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Just Above the Mantelpiece: Mass-Market Masterpieces Hardcover – September 1, 2000

4.7 out of 5 stars 7 customer reviews

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Editorial Reviews

Amazon.com Review

If you've ever been curious about the kitschy paintings you've found at a thrift store, then check out Just Above the Mantelpiece; it features the most famous of pop-culture mass-market pieces, from big-eyed children and pets to voluptuous half-naked women and horses. Author Wayne Hemingway makes a heartfelt case for the cultural importance of these paintings. Using the example of his own grandmother, a collector, Hemingway discusses the significance of mass-market art for the middle and working classes and compares it to the rest of the art market.

According to Hemingway, Vladimir Tretchikoff, famous for his paintings and posters of mysterious ethnic women, "achieved everything that Andy Warhol stated he wanted to do but could never achieve because of his coolness." A huge phenomenon for the past 40 years has been portraits of crying and big-eyed children. The most famous creator of these iconic images is San Francisco artist Margaret Keane. Her exaggerated style became known as "Keane-eyes." Hemingway traces the influence of Keane through movies, fashion, and famous collectors, noting that movie director Tim Burton commissioned Keane to paint a portrait of his girlfriend Lisa Marie. This book is a personal and focused look at the 1960s generation of mass-market art. It includes pullout posters of some of the famous paintings and features a fuzzy mock wallpaper cover. --J.P. Cohen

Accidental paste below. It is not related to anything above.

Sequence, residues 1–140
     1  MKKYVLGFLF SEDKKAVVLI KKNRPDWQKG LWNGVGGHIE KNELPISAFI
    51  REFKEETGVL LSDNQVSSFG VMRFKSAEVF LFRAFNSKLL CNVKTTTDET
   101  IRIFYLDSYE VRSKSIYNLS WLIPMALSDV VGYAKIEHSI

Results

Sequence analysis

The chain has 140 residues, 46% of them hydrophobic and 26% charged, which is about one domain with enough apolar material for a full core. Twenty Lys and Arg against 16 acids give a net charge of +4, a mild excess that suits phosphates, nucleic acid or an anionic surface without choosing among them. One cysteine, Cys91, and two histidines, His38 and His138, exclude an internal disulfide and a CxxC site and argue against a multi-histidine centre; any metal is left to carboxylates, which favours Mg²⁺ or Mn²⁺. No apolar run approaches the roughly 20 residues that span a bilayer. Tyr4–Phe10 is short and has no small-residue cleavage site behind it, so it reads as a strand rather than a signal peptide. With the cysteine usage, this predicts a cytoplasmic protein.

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Product Details

  • Hardcover: 272 pages
  • Publisher: Booth-Clibborn; 1st Ed. edition (September 1, 2000)
  • Language: English
  • ISBN-10: 1861541945
  • ISBN-13: 978-1861541949
  • Product Dimensions: 9.5 x 0.8 x 12.4 inches
  • Shipping Weight: 3.3 pounds
  • Average Customer Review: 4.7 out of 5 stars  See all reviews (7 customer reviews)
  • Amazon Best Sellers Rank: #1,657,097 in Books (See Top 100 in Books)

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Top Customer Reviews

Format: Hardcover
Flipping through this book one day, I was shocked, or rather, surprised to finally look at a painting I'd seen featured in two favorite films: Performance (1970) and Frenzy (1972) and also used on the first Sound Gallery CD cover. I remembered this painting growing up yet never knew who the artist was. So naturally, I bought the book.
The English have a habit of fondly holding on to the past, at least when it comes to pop culture. This book certainly does that. Crammed full of incredible artwork form people once considered disposable, yet now highly reveered. The text is somewhat hard to read and not particularly extensive, but its almost irrelevant. What matters are the gorgeous reproductions of the art. And many of them are printed twice so you can peel them off for future framing - what a great idea!